Intended for healthcare professionals


Lifestyle medicine: a new medical specialty?

BMJ 2018; 363 doi: (Published 25 October 2018) Cite this as: BMJ 2018;363:k4442

Re: Lifestyle medicine: a new medical specialty?

As a medical student, I support and look forward to the paradigm shift into lifestyle modification as a therapeutic and preventative measure. I strongly advocate public health teaching and implementing lifestyle medicine into all curriculums because everybody needs to be aware of how lifestyle behaviours will shape our future community, in terms of chronic disease.

In 2017, a group of medical students in Bristol set up Nutritank Society, which promotes messages of nutrition and medical lifestyle education to all. Since then the popularity and demand for this has evidently soared, and the society now exists in 15 medical schools nationwide, and I proudly helped to set up the branch at Imperial College London. There is clear support from healthcare professionals, medical and non-medical students to become engaged with the importance of our wellbeing, as we empower each other, but ultimately patients within the community to look after themselves.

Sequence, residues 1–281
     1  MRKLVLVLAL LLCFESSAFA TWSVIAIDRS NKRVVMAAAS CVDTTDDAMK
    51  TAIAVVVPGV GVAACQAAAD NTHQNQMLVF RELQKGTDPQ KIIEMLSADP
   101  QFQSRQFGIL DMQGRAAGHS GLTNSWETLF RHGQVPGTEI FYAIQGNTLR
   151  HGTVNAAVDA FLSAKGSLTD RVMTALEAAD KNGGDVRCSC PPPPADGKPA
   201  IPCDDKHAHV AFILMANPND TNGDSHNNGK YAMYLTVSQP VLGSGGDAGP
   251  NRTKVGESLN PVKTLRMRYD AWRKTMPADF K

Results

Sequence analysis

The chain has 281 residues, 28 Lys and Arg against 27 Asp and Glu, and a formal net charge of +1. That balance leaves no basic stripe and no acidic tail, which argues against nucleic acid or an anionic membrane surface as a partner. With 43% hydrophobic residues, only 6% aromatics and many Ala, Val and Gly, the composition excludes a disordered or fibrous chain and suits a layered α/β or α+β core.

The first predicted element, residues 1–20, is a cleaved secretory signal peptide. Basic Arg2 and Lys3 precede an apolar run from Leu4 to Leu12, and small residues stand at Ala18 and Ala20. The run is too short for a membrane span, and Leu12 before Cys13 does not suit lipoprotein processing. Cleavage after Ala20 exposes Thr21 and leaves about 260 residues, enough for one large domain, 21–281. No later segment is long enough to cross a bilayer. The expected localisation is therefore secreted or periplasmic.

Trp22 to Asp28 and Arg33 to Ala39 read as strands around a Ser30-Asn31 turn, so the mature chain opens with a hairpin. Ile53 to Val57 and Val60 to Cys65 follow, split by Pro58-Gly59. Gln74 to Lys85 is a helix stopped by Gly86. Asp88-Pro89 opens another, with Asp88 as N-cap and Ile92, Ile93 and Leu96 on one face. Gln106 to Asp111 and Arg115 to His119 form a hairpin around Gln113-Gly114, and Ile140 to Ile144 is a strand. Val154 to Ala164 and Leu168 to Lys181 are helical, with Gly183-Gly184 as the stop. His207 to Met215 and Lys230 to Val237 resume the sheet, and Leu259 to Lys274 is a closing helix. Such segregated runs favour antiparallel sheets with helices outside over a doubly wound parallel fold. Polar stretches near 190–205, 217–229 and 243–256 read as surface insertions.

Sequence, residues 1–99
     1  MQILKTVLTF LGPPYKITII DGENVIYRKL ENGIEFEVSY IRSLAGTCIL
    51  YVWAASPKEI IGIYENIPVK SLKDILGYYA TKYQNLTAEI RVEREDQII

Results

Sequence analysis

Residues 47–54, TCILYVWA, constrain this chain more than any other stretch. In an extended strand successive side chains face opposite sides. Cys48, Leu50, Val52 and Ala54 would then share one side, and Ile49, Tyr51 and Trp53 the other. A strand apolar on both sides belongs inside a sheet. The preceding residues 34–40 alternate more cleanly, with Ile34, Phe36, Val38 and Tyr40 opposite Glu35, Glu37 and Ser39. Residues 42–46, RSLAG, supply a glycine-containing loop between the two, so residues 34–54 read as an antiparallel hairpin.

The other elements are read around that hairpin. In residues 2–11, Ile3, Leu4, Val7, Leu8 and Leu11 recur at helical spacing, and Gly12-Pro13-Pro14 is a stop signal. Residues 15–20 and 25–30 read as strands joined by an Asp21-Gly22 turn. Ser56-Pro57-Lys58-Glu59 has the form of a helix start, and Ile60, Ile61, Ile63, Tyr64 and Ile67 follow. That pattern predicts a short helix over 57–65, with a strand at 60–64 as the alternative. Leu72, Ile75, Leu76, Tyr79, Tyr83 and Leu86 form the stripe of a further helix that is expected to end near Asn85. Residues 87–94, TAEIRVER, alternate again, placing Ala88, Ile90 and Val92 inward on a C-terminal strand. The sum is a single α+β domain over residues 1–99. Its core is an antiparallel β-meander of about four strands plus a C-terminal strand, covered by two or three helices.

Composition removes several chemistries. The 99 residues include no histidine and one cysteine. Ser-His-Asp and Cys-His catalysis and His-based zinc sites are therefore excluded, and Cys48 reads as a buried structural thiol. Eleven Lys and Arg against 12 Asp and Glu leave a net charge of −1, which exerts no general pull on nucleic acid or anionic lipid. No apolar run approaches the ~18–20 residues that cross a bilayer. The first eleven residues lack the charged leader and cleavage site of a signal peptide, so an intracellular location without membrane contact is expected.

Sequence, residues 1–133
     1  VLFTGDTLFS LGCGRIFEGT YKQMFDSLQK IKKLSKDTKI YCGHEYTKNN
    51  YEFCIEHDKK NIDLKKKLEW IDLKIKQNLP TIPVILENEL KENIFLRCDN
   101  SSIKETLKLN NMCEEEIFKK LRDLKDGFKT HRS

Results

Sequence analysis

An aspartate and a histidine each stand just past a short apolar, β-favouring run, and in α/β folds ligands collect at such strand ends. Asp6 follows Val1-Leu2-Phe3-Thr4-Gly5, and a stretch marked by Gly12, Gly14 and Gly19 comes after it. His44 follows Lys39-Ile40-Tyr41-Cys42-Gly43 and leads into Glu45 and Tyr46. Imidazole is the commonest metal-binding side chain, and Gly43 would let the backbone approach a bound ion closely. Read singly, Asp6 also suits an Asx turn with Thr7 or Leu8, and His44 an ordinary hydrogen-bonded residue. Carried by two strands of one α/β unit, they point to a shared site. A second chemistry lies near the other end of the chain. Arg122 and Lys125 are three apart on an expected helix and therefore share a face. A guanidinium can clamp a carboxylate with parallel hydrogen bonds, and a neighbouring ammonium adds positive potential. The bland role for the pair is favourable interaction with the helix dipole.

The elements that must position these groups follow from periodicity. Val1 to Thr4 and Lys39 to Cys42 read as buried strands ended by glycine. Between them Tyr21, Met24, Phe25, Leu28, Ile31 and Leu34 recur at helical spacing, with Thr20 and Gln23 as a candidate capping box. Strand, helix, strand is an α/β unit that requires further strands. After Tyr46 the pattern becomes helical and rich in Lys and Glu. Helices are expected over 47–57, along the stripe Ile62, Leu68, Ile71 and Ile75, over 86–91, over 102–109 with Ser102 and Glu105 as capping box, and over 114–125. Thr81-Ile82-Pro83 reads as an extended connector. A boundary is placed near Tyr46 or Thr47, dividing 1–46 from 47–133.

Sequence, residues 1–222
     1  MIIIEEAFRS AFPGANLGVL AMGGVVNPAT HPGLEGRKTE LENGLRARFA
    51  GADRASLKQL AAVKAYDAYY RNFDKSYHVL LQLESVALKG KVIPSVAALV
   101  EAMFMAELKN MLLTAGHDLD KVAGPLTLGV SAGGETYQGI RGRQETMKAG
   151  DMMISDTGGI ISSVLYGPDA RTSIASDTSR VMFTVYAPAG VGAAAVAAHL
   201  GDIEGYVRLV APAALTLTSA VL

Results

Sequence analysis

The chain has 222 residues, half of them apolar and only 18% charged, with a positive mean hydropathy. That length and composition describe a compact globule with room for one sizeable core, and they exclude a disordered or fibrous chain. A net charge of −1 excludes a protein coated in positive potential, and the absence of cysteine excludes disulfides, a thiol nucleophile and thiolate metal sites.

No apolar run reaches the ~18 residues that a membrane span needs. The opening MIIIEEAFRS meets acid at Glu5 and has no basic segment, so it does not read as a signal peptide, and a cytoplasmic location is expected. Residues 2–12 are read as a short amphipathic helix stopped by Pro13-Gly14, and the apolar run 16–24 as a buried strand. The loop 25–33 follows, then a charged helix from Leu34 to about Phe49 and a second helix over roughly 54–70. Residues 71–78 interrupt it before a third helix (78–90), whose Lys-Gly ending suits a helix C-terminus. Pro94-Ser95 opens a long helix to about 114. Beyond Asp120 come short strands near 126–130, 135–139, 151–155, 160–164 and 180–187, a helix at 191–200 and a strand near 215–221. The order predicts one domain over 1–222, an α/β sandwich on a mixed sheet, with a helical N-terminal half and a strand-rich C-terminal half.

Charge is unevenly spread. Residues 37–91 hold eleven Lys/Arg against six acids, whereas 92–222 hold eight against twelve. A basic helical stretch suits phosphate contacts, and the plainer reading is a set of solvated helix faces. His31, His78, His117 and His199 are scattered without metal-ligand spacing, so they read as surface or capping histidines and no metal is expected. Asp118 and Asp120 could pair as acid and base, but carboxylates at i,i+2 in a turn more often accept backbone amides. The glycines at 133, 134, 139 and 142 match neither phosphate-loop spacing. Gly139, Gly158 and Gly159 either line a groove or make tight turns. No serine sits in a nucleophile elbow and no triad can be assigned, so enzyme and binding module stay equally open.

In this current age of the mental health crisis and with a growing awareness of stressful lifestyles, it would be unwise to not devote time and effort towards implementing change and improving the wellbeing of people. Advising people to modify simple behaviours through basic steps can be so much more beneficial for patient self-management and empowerment. Patient-centred self-management can be financially beneficial in the long-term, as the outcomes of chronic conditions improve and hospital visits are reduced[1].

Nutritional and lifestyle medicine do not belong in a separate box to our current practice of medicine. The notion that clinicians should be able to choose whether they want to (or not) learn about lifestyle medicine is highly irrelevant because it is already so deeply engrained within medical consultations as we continue to guide patients to eat well and exercise anyway. This is not a case of enforcing ideas onto other people, nor placing blame on patients for their disease, but rather giving them the responsibility and choice to do something about their circumstances. There is no disadvantage to educating patients further about lifestyle modification, only barriers such as time constraints, thus we need to look towards improving efficient methods of education.

Diseases are typically managed through treating the cause; however, becoming aware and advocating lifestyle medicine will aim to prevent the cause instead, by tackling issues at the root of the problem. Introducing these concepts to others is necessary and education through media is really critical to reach a wide enough cohort.

[1] Bodenheimer T, Lorig K. Patient Self-management of Chronic Disease in Primary Care. 2014;288:2469– 75. doi:10.1001/jama.288.19.2469

Competing interests: No competing interests

26 October 2018
Denise Lin
Medical Student
Imperial College London